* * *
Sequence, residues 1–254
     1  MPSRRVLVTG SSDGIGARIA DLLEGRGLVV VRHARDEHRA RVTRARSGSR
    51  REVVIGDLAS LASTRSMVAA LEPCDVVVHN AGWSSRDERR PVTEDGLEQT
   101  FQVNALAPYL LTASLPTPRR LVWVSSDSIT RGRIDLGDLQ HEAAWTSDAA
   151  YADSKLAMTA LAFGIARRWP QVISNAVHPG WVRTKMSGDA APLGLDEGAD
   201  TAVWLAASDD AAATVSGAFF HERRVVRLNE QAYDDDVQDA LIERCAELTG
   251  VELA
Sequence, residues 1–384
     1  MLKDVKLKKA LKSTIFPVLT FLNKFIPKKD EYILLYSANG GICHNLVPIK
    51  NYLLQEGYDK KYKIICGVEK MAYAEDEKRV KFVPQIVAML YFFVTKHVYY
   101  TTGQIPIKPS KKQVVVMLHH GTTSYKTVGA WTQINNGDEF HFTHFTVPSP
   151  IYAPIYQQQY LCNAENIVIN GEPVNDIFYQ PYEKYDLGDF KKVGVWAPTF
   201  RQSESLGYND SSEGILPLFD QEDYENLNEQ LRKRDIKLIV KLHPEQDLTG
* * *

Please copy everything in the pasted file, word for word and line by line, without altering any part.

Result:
Sequence, residues 1–254
     1  MPSRRVLVTG SSDGIGARIA DLLEGRGLVV VRHARDEHRA RVTRARSGSR
    51  REVVIGDLAS LASTRSMVAA LEPCDVVVHN AGWSSRDERR PVTEDGLEQT
   101  FQVNALAPYL LTASLPTPRR LVWVSSDSIT RGRIDLGDLQ HEAAWTSDAA
   151  YADSKLAMTA LAFGIARRWP QVISNAVHPG WVRTKMSGDA APLGLDEGAD
   201  TAVWLAASDD AAATVSGAFF HERRVVRLNE QAYDDDVQDA LIERCAELTG
   251  VELA
Sequence, residues 1–384
     1  MLKDVKLKKA LKSTIFPVLT FLNKFIPKKD EYILLYSANG GICHNLVPIK
    51  NYLLQEGYDK KYKIICGVEK MAYAEDEKRV KFVPQIVAML YFFVTKHVYY
   101  TTGQIPIKPS KKQVVVMLHH GTTSYKTVGA WTQINNGDEF HFTHFTVPSP
   151  IYAPIYQQQY LCNAENIVIN GEPVNDIFYQ PYEKYDLGDF KKVGVWAPTF
   201  RQSESLGYND SSEGILPLFD QEDYENLNEQ LRKRDIKLIV KLHPEQDLTG